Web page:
Well there has been a lot of controversy over who got penalised by the stewards at the French Grand Prix and who didn’t. And once again McLaren are at the centre of it all.
After the Canadian Grand Prix I pointed out that Lewis Hamilton was beginning to show a worrying inability to accept when he has made a mistake. They say you learn from your mistakes, but Hamilton would rather stick his head in the sand under the mistaken impression that this makes him “very strong mentally“.
Andy at Brits on Pole suggested that there are signs that a siege mentality is forming within McLaren. Asked about the three penalties that McLaren have been handed in quick succession, Ron Dennis said on ITV, “Draw your own conclusion.”
In fairness, Martin Whitmarsh quickly put a lid on the story. However, he still pointed out that it was the opinion of the McLaren team that the penalty handed to Lewis Hamilton during the French Grand Prix was not justified.
I can understand that the people at McLaren are a bit fragile these days after the FIA put them through the wringer in the way that they did last year. I particularly worry about Ron Dennis who is beginning to look like he constantly has to bite his tongue. He is probably trying to keep a lot of pent-up anger bottled in. This leads me to think that McLaren are slightly losing control of the situation and their ability to make rational decisions has been compromised.
Among all of the hyperbole, here are some facts. McLaren broke (or, more accurately, a McLaren driver) broke the rules three times in quick succession. First of all, Hamilton failed to see a red light in the pitlane in Montreal and caused an avoidable accident in the pitlane. Causing an avoidable accident is bad enough, but causing one in the pitlane — which is a highly concentrated area full of people — is simply unacceptable. The ten place grid penalty was fully justified.
Then in qualifying for the French Grand Prix, Heikki Kovalainen impeded Mark Webber’s qualifying lap. It was not intentional, but he did it nonetheless and the penalty was expected. Even McLaren expected this one, fuelling Kovalainen heavy for Q3 in an increasingly rare piece of clever quick thinking from McLaren.
Finally in lap one of the race Lewis Hamilton cut the Nürburgring chicane immediately after passing Sebastian Vettel. This is the most contentious one.
For Clive, Hamilton did little wrong. “Hamilton had gained the place before the chicane and so did not benefit from his slight error”.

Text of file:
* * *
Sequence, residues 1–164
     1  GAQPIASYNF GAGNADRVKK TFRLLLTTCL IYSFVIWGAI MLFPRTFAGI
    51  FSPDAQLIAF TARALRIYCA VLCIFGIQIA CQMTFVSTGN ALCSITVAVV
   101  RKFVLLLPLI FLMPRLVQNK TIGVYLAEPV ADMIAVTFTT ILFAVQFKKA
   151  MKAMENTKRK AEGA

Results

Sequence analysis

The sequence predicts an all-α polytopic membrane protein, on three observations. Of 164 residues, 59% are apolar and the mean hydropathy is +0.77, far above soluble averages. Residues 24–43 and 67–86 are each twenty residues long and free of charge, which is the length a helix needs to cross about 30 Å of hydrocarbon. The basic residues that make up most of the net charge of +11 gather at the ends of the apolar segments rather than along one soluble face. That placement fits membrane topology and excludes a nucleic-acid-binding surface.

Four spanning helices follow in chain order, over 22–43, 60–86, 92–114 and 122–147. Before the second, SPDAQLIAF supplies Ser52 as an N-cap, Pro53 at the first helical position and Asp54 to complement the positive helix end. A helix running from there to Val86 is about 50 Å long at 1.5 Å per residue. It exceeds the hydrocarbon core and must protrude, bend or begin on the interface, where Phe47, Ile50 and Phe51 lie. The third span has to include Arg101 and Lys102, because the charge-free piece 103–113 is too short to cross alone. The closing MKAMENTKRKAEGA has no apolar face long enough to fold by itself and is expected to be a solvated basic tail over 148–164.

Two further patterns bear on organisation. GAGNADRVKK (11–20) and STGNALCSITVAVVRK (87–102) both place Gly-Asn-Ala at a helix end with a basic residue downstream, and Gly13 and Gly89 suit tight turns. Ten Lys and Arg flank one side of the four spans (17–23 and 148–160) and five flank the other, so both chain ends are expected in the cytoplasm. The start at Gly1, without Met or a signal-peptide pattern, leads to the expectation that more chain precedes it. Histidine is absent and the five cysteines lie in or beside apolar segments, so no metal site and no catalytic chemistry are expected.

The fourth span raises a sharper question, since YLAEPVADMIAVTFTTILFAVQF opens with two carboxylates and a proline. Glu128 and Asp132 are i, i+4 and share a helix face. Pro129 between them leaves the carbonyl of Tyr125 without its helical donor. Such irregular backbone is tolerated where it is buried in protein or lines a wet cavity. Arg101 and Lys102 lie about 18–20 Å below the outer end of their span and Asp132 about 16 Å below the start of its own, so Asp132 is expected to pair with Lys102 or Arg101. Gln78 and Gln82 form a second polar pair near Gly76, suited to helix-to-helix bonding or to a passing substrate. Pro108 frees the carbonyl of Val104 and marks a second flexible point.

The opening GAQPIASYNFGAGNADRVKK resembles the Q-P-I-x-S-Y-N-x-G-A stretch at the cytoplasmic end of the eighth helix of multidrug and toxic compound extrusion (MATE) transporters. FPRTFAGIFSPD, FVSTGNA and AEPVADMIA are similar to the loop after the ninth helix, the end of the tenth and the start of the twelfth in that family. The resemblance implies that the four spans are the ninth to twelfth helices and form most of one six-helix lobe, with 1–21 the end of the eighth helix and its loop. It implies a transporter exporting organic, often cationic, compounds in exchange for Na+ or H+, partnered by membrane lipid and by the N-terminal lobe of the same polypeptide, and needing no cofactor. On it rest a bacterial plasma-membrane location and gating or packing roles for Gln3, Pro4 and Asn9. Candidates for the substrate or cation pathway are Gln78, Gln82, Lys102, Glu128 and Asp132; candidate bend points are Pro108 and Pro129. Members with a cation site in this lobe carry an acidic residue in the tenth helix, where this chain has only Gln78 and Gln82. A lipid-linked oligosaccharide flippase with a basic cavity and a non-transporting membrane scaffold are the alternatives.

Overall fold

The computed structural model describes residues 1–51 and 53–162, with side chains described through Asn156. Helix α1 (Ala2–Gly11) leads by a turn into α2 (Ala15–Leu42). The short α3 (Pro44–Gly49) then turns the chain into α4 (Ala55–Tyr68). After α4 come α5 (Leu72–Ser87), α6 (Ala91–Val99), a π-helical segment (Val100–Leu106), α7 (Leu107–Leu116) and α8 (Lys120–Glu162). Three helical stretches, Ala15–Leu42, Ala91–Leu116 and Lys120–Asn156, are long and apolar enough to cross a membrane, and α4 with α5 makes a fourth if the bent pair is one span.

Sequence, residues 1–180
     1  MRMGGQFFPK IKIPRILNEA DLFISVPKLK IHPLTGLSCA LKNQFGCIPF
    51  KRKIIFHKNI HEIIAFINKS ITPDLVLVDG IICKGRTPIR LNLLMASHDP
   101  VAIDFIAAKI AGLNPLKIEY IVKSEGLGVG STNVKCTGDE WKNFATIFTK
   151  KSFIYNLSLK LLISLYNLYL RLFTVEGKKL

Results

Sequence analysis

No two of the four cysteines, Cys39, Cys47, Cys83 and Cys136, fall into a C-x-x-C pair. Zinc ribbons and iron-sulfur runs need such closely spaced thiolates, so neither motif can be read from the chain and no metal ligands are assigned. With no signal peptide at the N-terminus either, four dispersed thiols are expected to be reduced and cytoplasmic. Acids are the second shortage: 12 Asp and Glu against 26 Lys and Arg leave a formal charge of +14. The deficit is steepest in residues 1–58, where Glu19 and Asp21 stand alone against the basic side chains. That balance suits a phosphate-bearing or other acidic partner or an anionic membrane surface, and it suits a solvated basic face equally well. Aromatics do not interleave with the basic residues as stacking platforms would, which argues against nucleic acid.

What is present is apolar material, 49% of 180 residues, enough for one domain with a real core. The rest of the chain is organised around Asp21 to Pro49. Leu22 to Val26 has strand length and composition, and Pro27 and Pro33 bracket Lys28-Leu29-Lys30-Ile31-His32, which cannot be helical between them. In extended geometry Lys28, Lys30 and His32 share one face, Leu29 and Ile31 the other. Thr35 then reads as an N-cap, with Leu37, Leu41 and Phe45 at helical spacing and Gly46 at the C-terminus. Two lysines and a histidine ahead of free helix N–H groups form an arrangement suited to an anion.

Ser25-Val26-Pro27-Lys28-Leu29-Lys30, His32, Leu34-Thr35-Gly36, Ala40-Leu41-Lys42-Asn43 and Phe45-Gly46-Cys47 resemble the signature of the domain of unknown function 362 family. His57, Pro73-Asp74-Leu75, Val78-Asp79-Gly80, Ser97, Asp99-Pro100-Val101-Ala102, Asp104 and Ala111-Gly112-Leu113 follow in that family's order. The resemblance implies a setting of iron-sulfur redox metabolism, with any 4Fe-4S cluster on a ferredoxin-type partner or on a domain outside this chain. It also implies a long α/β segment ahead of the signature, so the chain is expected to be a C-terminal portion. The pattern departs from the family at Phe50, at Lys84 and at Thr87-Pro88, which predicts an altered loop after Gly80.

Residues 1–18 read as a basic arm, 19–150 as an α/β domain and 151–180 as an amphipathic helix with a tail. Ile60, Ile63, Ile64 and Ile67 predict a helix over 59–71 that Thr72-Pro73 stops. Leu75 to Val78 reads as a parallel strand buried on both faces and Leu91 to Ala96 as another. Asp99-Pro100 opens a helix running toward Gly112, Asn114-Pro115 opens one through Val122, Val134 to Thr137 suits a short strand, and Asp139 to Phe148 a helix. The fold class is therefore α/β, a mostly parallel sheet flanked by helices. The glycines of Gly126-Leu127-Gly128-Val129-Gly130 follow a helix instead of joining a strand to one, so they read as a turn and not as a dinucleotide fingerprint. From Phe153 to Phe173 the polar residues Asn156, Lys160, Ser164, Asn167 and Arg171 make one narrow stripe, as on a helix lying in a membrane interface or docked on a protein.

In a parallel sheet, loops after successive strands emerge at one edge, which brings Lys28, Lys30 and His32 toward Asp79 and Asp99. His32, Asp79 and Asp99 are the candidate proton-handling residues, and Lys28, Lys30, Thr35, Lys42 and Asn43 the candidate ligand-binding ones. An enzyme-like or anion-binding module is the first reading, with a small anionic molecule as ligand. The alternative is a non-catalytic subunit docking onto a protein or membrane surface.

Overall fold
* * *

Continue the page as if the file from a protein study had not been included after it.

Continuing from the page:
However, this is far from clear cut. Undoubtedly Hamilton had edged ahead of Vettel. But was he completely clear of Vettel? It seems not. He was probably not far enough ahead to commit to taking the chicane properly. As Keith has noted, Hamilton has contradicted himself within a matter of a few words in one interview about the incident:
I believe I was ahead on the outside and I couldn’t turn in on the guy otherwise we would have crashed
So was he ahead or was he not? Hamilton says he was ahead, but at the same time he would have crashed if he turned in — which means that he was not ahead, but in fact side-by-side with Vettel.
The bottom line is that if Hamilton had tried that at a circuit like Monaco where skipping the chicane means going into the barriers, he would have been out of the race. Unless he is completely stupid, he wouldn’t have tried it at such a circuit. This means that he took advantage of the tarmac run-off at the chicane. For this reason he should have been punished.
For me, the fact that even the people on ITV were contemplating the fact that Hamilton was in the wrong sums up that this should not have been a controversial decision.
It is a well-known rule that if you gain an advantage by cutting the chicane (such as, for instance, taking a position, or keeping a position that was under threat) then you can expect to get a penalty. There are three possible penalties: drive-through, 10 second stop-go or a ten place grid drop. Hamilton got the most lenient of these penalties.
Of course, Hamilton could have avoided getting a penalty at all by simply giving Vettel the place back and trying to take him again. This is what drivers always do if they skip the chicane inadvertently. So why Lewis Hamilton did not do this puzzles me a lot.